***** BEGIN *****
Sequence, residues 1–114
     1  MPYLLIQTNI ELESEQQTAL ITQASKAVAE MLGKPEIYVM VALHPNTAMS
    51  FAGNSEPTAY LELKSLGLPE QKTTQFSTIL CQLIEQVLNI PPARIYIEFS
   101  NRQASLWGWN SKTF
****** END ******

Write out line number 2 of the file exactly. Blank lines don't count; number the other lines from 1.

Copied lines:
     1  MPYLLIQTNI ELESEQQTAL ITQASKAVAE MLGKPEIYVM VALHPNTAMS